Fintech is permeating all parts of the financial industry, from advisors’ software to robo services, and it is increasingly being used to help prevent or detect financial exploitation and abuse, especially among the elderly, who are the most vulnerable because many face cognitive decline and dementia, according to financial and medical leaders.

Using financial technology is one way to curb this, says Liz Loewy, general counsel and senior vice president of industry relations for EverSafe, a company that specializes in detecting financial abuse and exploitation. Technology can detect potential problems and see patterns quicker than a person, whether that person is the victim, a financial advisor or anyone else watching an account closely, she says.

While she was with the Manhattan district attorney’s office, Loewy was the lead prosecutor in one of the most notorious elder financial abuse cases ever. She obtained a conviction in the case of philanthropist Brooke Astor, who was defrauded by her son, Anthony Marshall, in a case that made front page news. At the time, Astor was suffering from Alzheimer’s disease.

Dr. Jason Karlawish, associate director of the Penn Memory Center at the University of Pennsylvania Health System, says the financial services and banking industries are on the front lines of screening for cognitive impairment. One of the first signs of cognitive decline is the change in a person’s capacity to manage his or her finances. Cognitive impairment is what makes the elderly susceptible to financial exploitation.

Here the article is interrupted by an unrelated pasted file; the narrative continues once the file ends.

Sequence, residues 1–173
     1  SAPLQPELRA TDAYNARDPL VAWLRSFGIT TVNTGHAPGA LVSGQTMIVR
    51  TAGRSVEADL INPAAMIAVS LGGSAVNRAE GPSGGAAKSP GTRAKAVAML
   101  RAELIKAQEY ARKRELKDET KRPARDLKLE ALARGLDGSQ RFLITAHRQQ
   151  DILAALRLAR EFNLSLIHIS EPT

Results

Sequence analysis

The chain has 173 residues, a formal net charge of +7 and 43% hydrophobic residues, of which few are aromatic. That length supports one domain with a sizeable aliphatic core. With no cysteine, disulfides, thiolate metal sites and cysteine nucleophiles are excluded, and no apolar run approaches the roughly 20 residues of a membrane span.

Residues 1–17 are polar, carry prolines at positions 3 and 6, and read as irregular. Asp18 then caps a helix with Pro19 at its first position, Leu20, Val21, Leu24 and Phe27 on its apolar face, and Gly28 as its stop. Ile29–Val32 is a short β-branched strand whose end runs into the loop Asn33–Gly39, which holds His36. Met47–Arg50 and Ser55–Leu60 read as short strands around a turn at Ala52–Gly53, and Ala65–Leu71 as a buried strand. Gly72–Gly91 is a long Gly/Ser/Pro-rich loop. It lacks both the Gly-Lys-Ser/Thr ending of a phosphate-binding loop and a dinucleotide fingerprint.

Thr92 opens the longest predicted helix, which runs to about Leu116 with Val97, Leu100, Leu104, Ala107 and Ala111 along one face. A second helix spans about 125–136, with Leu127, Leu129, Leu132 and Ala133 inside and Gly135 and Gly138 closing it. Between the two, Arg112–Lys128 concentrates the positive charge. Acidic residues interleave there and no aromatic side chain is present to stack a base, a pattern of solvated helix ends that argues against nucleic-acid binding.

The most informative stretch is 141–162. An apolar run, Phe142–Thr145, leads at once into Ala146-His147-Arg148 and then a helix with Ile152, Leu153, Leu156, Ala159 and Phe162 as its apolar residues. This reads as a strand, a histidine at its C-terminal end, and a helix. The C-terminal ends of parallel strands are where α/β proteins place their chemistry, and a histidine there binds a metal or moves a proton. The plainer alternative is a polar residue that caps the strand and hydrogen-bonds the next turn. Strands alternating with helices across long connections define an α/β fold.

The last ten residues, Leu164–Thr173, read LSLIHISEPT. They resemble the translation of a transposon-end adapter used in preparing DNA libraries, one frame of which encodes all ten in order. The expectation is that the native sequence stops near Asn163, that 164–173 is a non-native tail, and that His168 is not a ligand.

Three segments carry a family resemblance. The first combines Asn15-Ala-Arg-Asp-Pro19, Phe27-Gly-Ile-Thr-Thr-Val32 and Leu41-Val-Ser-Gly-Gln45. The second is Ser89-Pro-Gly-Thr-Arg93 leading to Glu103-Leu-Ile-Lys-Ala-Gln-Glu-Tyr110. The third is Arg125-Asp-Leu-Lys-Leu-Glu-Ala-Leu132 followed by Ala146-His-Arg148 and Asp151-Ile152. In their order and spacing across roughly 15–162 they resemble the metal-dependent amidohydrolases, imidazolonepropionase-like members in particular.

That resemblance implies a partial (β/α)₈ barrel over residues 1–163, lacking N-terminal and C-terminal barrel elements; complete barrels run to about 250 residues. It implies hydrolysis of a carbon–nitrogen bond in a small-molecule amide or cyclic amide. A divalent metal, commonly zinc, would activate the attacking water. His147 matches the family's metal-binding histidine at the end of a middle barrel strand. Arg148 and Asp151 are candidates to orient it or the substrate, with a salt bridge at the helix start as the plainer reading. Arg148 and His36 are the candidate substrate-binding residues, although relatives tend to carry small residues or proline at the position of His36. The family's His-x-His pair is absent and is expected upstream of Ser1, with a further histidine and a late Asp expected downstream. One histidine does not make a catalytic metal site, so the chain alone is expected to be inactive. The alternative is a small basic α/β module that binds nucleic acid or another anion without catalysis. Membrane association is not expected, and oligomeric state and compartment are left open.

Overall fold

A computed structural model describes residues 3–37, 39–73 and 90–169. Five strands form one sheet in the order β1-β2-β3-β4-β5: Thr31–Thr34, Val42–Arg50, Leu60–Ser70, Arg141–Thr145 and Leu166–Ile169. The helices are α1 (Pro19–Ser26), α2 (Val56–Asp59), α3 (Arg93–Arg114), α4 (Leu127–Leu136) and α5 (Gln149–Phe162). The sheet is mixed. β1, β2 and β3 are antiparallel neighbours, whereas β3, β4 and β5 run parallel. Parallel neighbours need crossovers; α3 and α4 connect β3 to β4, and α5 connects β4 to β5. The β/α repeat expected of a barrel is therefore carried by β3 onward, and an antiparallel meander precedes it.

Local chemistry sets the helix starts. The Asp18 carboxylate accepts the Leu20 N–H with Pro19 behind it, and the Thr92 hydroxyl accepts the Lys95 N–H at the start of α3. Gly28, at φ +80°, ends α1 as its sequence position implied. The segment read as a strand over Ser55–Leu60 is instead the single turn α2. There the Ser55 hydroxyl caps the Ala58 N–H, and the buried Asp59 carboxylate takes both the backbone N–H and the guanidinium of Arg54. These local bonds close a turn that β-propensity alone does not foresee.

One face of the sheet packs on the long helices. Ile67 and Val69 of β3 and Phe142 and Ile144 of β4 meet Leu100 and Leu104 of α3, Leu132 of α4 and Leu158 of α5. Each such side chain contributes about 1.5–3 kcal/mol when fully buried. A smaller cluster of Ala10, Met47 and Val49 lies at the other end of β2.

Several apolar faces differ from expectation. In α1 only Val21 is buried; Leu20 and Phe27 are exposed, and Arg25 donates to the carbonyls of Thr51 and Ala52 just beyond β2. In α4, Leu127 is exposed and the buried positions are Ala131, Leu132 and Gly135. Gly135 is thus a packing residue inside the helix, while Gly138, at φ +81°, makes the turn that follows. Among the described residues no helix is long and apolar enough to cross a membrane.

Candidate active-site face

But to identify financial exploitation, advisors and banks need to be able to spot patterns in withdrawals and anomalies in financial accounts, things often invisible to people, Loewy says.

“Scammers do not just take one huge amount from one account,” she says. “They start small and steal from different accounts at different institutions that are owned by the same vulnerable person. They start with amounts that seem acceptable to the advisor or bank, and they can go through a lot of money before anyone spots it.”

But technology can see things the human eye misses, Loewy adds, and it can send out an alert about suspicious behavior to the account holder, financial advisor, bank or someone who has been designated by the account holder.

“The technology is already available to use artificial intelligence and machine learning to detect suspicious behavior,” Loewy says. “For instance, if a pension check that comes in on a certain day each month is missing or the amount of cash used in a month changes, an alert can be sent to a trusted advocate named by the account holder.”

Several of the wirehouses and large broker-dealers are aggressively pursuing these new technologies to protect their customers. Baby boomers are also looking to this kind of technology to make their lives easier, she says.

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